Approach 2: The Watchmaker (AKA Slow & Steady)

Maybe the idea of shooting different drafts out into the void doesn't work for you. Maybe you're the type of writer who prefers to plug away at a piece over a period of time, then tinker with revisions until a piece feels perfect. This is totally a valid way to engage with your writing, it just means you'll have to ask yourself a different set of questions, and work with a different set of expectations, when it comes time to send things to journals.


Writers who utilize the Watchmaker method may tend to produce work a bit more slowly, and frequent rounds of revision may lead to fewer submissions. While there's nothing wrong with that, if submitting your work for publication is a goal of yours, you might ask yourself a few questions in order to keep your work from languishing on your hard drive forever.


What does "finished" mean to you? For Watchmakers, it can be hard to answer this question; it may be that work isn't finished until it feels finished. But think hard—try to figure out what tends to have fallen into place in a piece for you when you get that feeling. Is the emotional resonance of the piece clicking into place? Is it something to do with the characters? Are things clicking at the sentence level? Once you know what tends to be the thing that sends the signal to your brain that a piece is finished, you can work that process into your writing goals in order to help you get to that place before you get stuck.


How many rounds of revision seems right? No two pieces are the same, and sometimes a piece will require more rounds of revision in order to click into place, but if you're someone who can get trapped into a never-ending cycle of tinkering, it may help to establish a ritual for how many times you revise a piece before sending it out (to journals or, if you feel more comfortable, to peers whose feedback you trust). Combine that with the knowledge of what a finished piece feels like to you, and make sure that one round of revision involves you reading for that particular thing.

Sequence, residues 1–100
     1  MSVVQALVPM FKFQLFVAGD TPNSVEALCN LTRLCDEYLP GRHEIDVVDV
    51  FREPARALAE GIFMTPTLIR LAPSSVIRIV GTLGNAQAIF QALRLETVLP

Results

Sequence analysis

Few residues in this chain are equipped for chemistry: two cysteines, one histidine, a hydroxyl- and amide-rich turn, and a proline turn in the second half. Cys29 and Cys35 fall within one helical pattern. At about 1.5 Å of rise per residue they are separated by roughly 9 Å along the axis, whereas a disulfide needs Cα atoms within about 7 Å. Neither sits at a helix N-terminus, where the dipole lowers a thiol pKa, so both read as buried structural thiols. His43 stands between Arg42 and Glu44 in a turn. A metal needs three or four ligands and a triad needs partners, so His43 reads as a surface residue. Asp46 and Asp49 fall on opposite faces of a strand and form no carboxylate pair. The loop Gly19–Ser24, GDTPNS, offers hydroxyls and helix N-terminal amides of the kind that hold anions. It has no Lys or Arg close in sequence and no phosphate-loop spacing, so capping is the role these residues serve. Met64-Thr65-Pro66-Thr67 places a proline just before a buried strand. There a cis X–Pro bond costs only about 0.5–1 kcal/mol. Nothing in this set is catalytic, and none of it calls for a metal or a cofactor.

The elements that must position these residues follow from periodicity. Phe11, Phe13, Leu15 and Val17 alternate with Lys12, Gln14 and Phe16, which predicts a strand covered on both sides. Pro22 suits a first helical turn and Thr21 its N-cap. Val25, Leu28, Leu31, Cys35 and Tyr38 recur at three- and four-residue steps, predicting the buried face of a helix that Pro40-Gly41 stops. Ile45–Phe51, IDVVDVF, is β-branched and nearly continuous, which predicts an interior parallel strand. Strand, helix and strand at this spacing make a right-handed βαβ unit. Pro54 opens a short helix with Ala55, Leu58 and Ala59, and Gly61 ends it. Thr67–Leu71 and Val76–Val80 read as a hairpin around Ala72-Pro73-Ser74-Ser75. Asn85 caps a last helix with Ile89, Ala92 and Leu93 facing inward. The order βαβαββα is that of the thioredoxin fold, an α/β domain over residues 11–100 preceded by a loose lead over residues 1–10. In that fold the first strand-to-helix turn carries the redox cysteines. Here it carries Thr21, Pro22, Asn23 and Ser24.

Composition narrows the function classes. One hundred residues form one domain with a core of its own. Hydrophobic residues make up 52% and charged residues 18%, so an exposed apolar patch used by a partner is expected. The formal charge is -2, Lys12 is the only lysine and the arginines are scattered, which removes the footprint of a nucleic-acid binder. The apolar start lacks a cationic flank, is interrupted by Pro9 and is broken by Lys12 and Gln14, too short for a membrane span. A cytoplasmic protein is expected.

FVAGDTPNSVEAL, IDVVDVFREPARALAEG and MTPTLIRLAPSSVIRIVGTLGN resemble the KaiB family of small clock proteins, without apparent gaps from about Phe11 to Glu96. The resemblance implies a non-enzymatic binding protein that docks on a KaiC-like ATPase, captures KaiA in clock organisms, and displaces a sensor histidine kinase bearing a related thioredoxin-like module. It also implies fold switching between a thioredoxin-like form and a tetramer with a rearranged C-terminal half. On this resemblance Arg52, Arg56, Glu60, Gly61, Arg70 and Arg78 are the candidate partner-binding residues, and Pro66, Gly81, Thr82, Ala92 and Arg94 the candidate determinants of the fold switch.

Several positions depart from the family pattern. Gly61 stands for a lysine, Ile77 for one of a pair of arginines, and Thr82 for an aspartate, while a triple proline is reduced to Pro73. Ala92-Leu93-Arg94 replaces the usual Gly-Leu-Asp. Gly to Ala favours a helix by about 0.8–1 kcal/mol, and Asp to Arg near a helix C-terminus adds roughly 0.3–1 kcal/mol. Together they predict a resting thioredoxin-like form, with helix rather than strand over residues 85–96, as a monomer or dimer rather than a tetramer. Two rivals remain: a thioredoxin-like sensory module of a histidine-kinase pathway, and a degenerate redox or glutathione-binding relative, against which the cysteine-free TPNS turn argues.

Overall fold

Who do you trust to help you see if a piece is finished? Relying on a network of writers whose feedback you trust is crucial to any writer, but it can be especially helpful for Watchmakers to receive outside feedback from a group of trusted peers to keep from getting stuck in the loop of cosmetic edits.


NARRATOR: it wasn't

If this sounds like you, try to have that "this will make the piece feel finished" quality in mind when you send it to your peers. People generally love having a little direction when they read a piece, especially if it will help them give you feedback that will actually be useful to you.


No matter what your process looks like, if you're a Watchmaker type, it may be helpful to set yourself some goals. For example "I will revise this piece x number of times and then send it out." Those goals can be flexible, but if you know that you're the type of person who may use revision as an excuse not to submit, then having an endpoint might help keep you from getting stuck.


A Few Final Thoughts

Like I said before, there's no right answer for when it's time to start sending your work to journals, and whether you're a Wildebeest or a Watchmaker (I'm committing to this, let me have it), submitting will still come with its fair share of rejection. That sucks (and give Ashely's post this week a read to hear more thoughts on that), but it doesn't mean that you were wrong to send the piece out. What you decide to do with your work in response to a rejection is up to you, all that matters is that you keep writing, keep submitting, and keep trying.


Do you have questions for our Q&A? Contact us via email or tweet us @LammergeierMag